Cybersecurity Executive Order: How to Comply with Software Supply Chain Requirements

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On Wednesday, May 12, the Biden administration released a long-anticipated executive order designed to help strengthen America’s cybersecurity. One of the executive order’s most important sections deals with bolstering software supply chain security, which has been in the spotlight following a series of devastating supply chain attacks (such as the SolarWinds hack).
 
The executive order outlines several elements of supply chain security where organizations will face new and heightened regulations. These include threat detection, code provenance checks, the inventory of third-party components, and more. 

The U.S. government is expected to publish more specific standards governing each of these elements in the coming months, but the executive order offers enough information to help organizations get an early start on compliance.

How to Prepare for Compliance

Software Bill of Materials

  • Executive Order Text
    Vendors should provide “a Software Bill of Materials (SBOM) for each product directly or by publishing it on a public website.”
  • Tools to Support Compliance
    Software composition analysis solutions (which inventory open source software components). Formats like SPDX, SWID Tags, and Cyclone DX can help communicate SBOM data.

Vulnerability Detection and Remediation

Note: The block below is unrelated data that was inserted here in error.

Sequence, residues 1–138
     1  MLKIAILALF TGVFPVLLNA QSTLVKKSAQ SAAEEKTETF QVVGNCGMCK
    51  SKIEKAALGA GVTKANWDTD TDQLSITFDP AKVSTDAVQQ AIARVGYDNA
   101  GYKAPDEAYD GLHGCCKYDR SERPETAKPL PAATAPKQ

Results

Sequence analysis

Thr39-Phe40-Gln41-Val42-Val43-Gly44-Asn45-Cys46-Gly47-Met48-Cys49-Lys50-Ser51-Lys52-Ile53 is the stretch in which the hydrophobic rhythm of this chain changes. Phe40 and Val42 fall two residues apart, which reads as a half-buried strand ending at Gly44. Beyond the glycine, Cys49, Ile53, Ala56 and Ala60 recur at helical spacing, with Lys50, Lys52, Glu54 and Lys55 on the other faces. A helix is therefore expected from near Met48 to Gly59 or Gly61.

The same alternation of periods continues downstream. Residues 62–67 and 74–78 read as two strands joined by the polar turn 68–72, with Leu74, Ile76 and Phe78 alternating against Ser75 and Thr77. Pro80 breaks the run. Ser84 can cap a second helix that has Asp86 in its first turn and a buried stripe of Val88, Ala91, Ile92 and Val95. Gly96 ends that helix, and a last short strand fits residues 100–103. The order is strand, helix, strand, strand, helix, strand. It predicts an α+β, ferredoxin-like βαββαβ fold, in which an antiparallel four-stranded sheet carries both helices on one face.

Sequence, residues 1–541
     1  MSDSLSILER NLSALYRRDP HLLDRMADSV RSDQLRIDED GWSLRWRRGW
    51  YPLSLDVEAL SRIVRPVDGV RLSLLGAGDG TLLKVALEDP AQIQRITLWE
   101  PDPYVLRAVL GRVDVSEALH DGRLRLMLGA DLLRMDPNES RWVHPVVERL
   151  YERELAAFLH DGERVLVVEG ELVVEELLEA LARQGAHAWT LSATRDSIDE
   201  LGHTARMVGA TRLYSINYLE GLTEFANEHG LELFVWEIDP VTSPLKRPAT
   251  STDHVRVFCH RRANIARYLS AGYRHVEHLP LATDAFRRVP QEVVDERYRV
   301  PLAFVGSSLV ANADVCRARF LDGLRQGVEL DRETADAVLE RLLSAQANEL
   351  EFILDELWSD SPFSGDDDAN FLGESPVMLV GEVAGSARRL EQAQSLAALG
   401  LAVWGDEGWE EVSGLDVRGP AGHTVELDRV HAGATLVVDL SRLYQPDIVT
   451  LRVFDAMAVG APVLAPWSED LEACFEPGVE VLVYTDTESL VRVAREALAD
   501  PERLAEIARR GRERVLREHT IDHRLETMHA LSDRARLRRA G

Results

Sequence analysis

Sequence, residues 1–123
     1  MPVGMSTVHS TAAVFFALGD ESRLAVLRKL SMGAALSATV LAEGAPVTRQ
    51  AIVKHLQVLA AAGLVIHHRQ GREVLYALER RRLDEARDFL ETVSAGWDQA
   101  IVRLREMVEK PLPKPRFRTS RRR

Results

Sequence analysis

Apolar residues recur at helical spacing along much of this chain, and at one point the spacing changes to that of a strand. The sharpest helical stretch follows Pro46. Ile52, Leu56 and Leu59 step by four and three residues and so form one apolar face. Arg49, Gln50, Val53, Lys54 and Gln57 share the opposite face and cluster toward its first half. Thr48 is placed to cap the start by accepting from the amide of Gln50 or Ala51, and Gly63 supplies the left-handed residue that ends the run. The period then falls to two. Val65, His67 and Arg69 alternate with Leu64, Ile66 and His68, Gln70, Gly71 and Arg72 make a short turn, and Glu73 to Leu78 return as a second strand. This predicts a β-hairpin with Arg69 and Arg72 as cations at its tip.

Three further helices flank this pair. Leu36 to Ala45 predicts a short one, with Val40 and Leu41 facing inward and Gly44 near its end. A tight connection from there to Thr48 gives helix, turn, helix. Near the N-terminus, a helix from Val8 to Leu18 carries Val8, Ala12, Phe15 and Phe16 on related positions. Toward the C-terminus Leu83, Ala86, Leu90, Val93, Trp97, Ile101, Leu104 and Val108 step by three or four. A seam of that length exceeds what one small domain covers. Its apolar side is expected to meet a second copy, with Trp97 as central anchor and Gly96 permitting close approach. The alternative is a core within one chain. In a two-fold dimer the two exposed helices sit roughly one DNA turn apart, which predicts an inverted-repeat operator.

• Executive Order Text
    Vendors should employ “automated tools, or comparable processes, that check for known and potential vulnerabilities and remediate them, which shall operate regularly, or at a minimum prior to product, version, or update release.”
  • Tools to Support Compliance
    A combination of software composition analysis (which helps identify and remediate vulnerabilities in open source code) and proprietary code testing tools such as SAST, DAST, IAST, and RAST

Code Provenance

  • Executive Order Text
    Vendors should “[ensure and attest], to the extent practicable, to the integrity and provenance of open source software used within any portion of a product.”
  • Strategies to Support Compliance
    Don’t assume a package is trusted just because it’s used in other software products. Build in quality gates before every update

Vulnerability Disclosure Program

  • Executive Order Text
    Vendors should participate “in a vulnerability disclosure program that includes a reporting and disclosure process.”
  • Tools to Support Compliance
    Software composition analysis solutions identify and report on vulnerabilities in open source components, so they’ll be a go-to option for disclosing security issues in third-party code. Similarly, proprietary code testing tools will help organizations meet disclosure requirements for closed-source components.

Get a Head Start on Compliance

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